Rave Stories: Bristol, Clubbing Before the Crisis

Rave Stories: Bristol, Clubbing Before the Crisis

“Take advantage of it now, while you are young, and suffer all you can, because these things don’t last your whole life.” 
― Gabriel García Márquez, Love in the Time of Cholera

The city wasn’t paralysed, Cheltenham races were on. People in Bristol were up for a party, I had booked the weekend off work due to Luc’s visit and we were meant to be going to see DJ Marky and Calibre at the Marble Factory, an event organised by The Blast.

The plan was to take Luc on a bass tour of Bristol going to iconic music venues and areas of the city where sound system culture is more prominent. Unfortunately, Luc got quarantined in Malta.

The Prime Minister announced that Britain was not going on a lockdown, mass gatherings were still going ahead and the general attitude was to continue activities as normal with precautions. Bristol at that point had just three confirmed coronavirus cases.

Dan Regan/BristolLive

So on the Friday to honour Luc’s absence, we went out with a friend for reggae at the Beaufort pub in Montpelier, an area of the city with strong Caribbean culture and tradition. The historic pub certainly gives some character to the neighbourhood as it’s been run by a Jamaican family since the 80’s.

There was a guy on the dance floor wearing a Corona t-shirt. I smiled at him with thumbs up to show my appreciation. Being Mexican, I had to.

One thing to point out is that the coronavirus knock on effect is a threat for some businesses, like small pubs, for instance. The Beaufort had been at risk of closing recently and it is difficult to maintain given the landlady Patsy, who has been running the place since her husband passed, previously asked for support from the community to keep it alive. It was a lovely night and was glad to be there, pure reggae vibes from DJ Foxy.

On Saturday I went out for a friend’s birthday meal. At first, the city centre didn’t seem any different, up until when we went to a venue for a drink where the bar staff mentioned it had been very quiet all night. I made an invitation to Tubbs (birthday boy) to go clubbing with me, he had never been to the Marble Factory – in fact, he had never been to a drum and bass night. It was my absolute honour and pleasure to be the one taking him for the first time.

There was something really lovely and special about witnessing someone’s first DnB club experience, the excitement of getting to the venue, interacting with queue buddies, friendly and cool, getting searched on entry, ID, ticket scan and issues getting resolved nicely.

The place was packed, the show was on full swing, there had been amendments to the line-up. Due to travel restrictions, Calibre was unable to make it to the UK, however they added Skeptical to the line-up.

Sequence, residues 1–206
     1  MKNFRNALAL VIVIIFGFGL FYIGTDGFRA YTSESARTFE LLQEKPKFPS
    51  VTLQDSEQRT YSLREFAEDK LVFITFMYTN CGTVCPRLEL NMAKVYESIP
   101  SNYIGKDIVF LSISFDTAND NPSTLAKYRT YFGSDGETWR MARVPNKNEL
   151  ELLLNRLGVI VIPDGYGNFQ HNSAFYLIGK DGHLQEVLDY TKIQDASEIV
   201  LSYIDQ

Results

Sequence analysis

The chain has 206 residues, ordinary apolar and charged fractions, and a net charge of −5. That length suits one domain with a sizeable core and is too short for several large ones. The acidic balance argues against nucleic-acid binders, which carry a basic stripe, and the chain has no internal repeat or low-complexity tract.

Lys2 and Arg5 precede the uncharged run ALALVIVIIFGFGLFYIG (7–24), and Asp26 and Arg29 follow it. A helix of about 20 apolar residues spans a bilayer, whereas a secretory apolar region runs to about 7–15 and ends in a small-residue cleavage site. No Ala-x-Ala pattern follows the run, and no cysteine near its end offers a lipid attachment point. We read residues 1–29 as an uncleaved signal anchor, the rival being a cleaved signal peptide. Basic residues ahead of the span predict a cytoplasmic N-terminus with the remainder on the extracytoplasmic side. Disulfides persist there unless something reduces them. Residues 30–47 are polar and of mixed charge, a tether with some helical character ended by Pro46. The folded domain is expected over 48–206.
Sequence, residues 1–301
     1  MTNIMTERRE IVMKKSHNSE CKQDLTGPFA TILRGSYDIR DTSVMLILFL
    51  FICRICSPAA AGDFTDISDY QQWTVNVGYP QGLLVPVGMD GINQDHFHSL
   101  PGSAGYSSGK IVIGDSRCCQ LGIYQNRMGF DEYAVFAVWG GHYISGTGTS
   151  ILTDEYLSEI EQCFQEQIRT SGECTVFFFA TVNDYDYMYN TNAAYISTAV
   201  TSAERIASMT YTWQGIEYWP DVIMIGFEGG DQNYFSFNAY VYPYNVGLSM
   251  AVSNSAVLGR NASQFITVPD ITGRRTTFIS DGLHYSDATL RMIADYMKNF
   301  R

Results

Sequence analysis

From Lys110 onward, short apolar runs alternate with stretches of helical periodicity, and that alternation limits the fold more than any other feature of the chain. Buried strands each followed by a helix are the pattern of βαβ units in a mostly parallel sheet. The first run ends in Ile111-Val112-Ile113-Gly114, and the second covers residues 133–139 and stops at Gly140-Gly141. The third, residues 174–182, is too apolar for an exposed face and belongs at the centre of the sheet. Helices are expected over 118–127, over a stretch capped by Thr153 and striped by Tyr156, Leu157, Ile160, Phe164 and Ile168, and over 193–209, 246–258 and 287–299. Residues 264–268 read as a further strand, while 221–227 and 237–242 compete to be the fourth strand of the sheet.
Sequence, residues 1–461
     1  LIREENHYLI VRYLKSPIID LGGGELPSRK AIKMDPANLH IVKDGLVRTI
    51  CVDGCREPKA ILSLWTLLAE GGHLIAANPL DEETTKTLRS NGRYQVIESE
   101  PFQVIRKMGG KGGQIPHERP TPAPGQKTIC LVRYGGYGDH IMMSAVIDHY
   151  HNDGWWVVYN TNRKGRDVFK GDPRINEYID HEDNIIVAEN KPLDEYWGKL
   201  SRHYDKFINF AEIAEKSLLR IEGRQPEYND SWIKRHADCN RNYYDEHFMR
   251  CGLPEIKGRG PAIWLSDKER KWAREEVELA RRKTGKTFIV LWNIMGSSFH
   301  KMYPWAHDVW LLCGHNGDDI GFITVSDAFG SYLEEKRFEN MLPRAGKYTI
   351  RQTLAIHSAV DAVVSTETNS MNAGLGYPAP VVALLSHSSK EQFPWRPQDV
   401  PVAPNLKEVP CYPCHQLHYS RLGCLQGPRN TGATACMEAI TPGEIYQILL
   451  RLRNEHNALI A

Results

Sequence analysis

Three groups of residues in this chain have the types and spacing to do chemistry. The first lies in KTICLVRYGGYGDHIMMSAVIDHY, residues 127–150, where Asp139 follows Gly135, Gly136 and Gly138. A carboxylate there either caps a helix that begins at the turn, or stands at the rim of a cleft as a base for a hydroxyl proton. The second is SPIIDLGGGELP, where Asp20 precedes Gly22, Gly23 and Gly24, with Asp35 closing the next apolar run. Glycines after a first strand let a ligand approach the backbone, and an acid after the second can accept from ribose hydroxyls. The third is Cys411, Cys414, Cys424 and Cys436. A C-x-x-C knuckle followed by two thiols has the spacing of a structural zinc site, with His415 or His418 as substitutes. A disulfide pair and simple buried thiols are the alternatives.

The sound was well balanced and quite pleasant. Given the excitement of the moment I didn’t wear earplugs. To be honest I don’t recommend anyone to go clubbing without earplugs – I damaged my ears beyond repair on my early rave days in my teens and later on with sound system. It is extremely rare for me these days to attend music events without them, so I irresponsibly and delightfully enjoyed the rawness of the unprotected DnB sound.

The place was kind of magical. There was an atmosphere – the usual DnB high energy – but pumped up with the exclusivity of the moment, being perhaps the last big night until further notice. Punters were partying like there was no tomorrow, celebrating what felt like the last of many nights of freedom to gather in mass, before a potential isolating period, trying hard not to panic, to just keep dancing.

We grabbed a few drinks, went out for a smoke, we bumped into our queue buddies/new friends, Tubbs was enjoying himself a lot, he loved Skeptical, DJ Marky was on form and the crowd too.

Time evaporated, before we knew it the night was coming to an end, we walked back to town starring at the empty-looking city. We have a conversation about music, to be precise about Pink Floyd and the psychedelic music era. We decided to play the Dark Side of the Moon album, singing loudly walking by the canal ‘Us… and them, and after all… we’re only ordinary men’. We parted ways thanking each other for the wonderful moment in times of crisis, because time is the master and can be a disaster.

This weekend has been about personal reflection on the potential effects of a health crisis in my immediate music scene and impact in the nightlife economy: to observe how our system can be fragile as paper, how illness can take over when we may not have a cure.

We must notice that nothing can take away our purest creative expressions: dancing, singing, making music, painting, writing. We humans have a gift to hold tight.

Every generation faces challenges – underground culture is a result of those challenges, a beautiful product of hard times, expression of urban history, a political statement of freedom, a tribal mark to define a culture of acceptance and a coping mechanism for social sickness.

Clubbers – keep strong and listen to advice from the health department. If we face isolation and a possibly negative economic result, we must find a way to support each other and unite.

And if they say we can’t meet anytime soon, I’ll see you on the dark side of the moon.

Images courtesy of: Dan Regan & Itzel Rodriguez